Journal of the People’s Pastor

“Writing The History I’ve Lived, Living The History I Write!”


Darfur Diary: Part XII – My Journey To Chad, Central Africa
Back to N’djamene

Friday, March 30, 2007 (Part A)

After the brothers had slept for 2 hours, it was now 5:00 am we started again. I have to confess, I was annoyed. “Why?” I asked myself, “Could not they have organized traveling time in a way that each brother, could have driven a portion of time?” There were 4 drivers. (Mohammad had decided to return with us without my knowledge or consent.) Each driver could have taken a turn while the others slept. Instead, all of them spread their trusty rugs on the ground and there they slept and snored.

Two hours down the road another flat, and, the one in the trunk was flat. It took 3 hours to fix one of them sufficient for us to travel. We made it to a village called Araft, where everything is primitive. Because the tire was still leaking air, they tried to pump air into it with a bicycle pump, which did not work. They decided to walk down the road to find help. They flagged one of those trucks packed with stuff and people on top. They returned with help and pumped more air into the tire. It seemed that the trucks carried an answer to every problem.

Back at the village, which sits on either side of the road, I watched as a lamb was being disemboweled and put on the fire. The lamb was cooked and sold. As the poor creature’s skin lay at the feet of its stripped body hanging from a tree, I was so glad I had become vegetarian. Little children stood long starring at me as if I were from Mars. Heavily armed military vehicles went whizzing passed by. “Is this usual or ordinary?” I asked Yahya. “No it isn’t,” he emphasized.

At 10:20 am, we were on the move again. There was a huge mountain range before us. As we were traveling around it, at 10:30 am, another flat. While we waited for help, we sat beneath a tree and I wondered, “Oh God, Why?” Help came at 11:45 am. A Good Samaritan loaned us the spare tire from his car. We learned the military vehicles were due to President Deby traveling this way. At 12:15, we arrived at a village called Mango. We gave the tire back to the Good Samaritans. Our tires were fixed – I hoped. We learned that the Good Samaritans were newsmen. We promised each other that we would stay in touch. At this point, we have not done so.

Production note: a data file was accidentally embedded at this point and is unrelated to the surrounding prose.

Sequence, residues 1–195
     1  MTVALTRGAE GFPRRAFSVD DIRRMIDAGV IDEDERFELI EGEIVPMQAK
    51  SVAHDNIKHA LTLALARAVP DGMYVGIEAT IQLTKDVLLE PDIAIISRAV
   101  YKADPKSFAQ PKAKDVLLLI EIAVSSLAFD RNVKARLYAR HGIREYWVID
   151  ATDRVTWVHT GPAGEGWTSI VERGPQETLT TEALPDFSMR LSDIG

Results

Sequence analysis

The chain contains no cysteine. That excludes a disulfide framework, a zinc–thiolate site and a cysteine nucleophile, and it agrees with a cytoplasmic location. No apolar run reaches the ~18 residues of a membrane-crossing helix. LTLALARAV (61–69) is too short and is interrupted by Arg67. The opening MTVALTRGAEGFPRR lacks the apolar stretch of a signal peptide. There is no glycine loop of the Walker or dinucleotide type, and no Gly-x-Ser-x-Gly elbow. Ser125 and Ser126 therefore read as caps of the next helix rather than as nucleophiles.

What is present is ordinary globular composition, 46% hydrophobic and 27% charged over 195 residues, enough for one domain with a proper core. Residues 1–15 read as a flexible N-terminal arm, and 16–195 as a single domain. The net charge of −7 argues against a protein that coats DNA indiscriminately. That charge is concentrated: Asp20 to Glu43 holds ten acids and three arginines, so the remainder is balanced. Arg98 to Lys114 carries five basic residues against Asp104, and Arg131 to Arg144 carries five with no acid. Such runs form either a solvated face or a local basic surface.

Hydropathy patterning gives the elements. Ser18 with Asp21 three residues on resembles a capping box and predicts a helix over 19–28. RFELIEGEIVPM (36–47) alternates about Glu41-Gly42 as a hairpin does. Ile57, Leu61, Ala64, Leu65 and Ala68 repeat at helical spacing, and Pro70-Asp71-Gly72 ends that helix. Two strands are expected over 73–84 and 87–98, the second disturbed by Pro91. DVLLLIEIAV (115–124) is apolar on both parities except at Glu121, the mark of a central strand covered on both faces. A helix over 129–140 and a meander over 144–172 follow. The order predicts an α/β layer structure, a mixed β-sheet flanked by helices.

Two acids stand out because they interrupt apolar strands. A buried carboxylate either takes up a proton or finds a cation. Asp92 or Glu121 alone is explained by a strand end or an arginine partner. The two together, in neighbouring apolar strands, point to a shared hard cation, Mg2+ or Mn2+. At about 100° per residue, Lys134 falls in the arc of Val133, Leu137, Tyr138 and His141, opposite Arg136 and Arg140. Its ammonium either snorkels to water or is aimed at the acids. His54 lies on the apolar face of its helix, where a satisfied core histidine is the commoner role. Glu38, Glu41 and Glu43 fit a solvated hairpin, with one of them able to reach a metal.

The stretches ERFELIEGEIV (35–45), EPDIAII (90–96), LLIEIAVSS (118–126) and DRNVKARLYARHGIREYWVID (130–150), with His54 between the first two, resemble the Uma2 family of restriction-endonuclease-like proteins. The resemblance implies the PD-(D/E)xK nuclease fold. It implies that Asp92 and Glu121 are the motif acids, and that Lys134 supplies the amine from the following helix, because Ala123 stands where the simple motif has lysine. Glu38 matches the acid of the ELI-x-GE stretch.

Mango reminded me of a bus stop. There were, as always, a market and a Mosque. At the fix-it shops, cars and buses had stopped for repair. In the market there were fruits, water, clothing, vegetables, jewelry, etc. We departed Mango at 12:45 pm. We got as far as the next town, Gadaria. It was a good thing too, for at 1:45 pm, yes, we had another flat tire. This time, for the first time the left front tire. This made flat #7. And it seemed, the right front tire was going down. We pulled over and waited for the Good Samaritans. Yes, the air was slowly easing out. Kindly, they brought a rug for me to sit upon. While we waited, at least to comfort us, there were surrounding us picturesque mountains wrapped in a blue haze not far in the distance. The blue haze provided a delicate touch to the barren invincible mountains.

It must had been 120 degrees easily. The air was scorching but dry. Thank God, we were near a village called Tchelme, when a man riding on his bicycle said he would find somebody to fix the tire. I made the suggestion we push on. If the air goes out we will flag the Good Samaritans. Or we would make it to the village. In any event, it was better than sitting and waiting.

However, they decided to wait. The fix-it man returned. His tools were few, old and inadequate. Mercifully, at 3:00 pm Good Samaritans #2 arrived. They took the spare off the back of their car, put it on ours and followed us to town. The Good Samaritans #2, said they had 6 flat tires. To make matters worst for us every time we stopped we had to push the car to get it started again. We started off again at 3:15 pm, in a few minutes we passed Bird Mountains, where the birds journeying from the Soviet Union, stopped for water, then completed their trip to South Africa.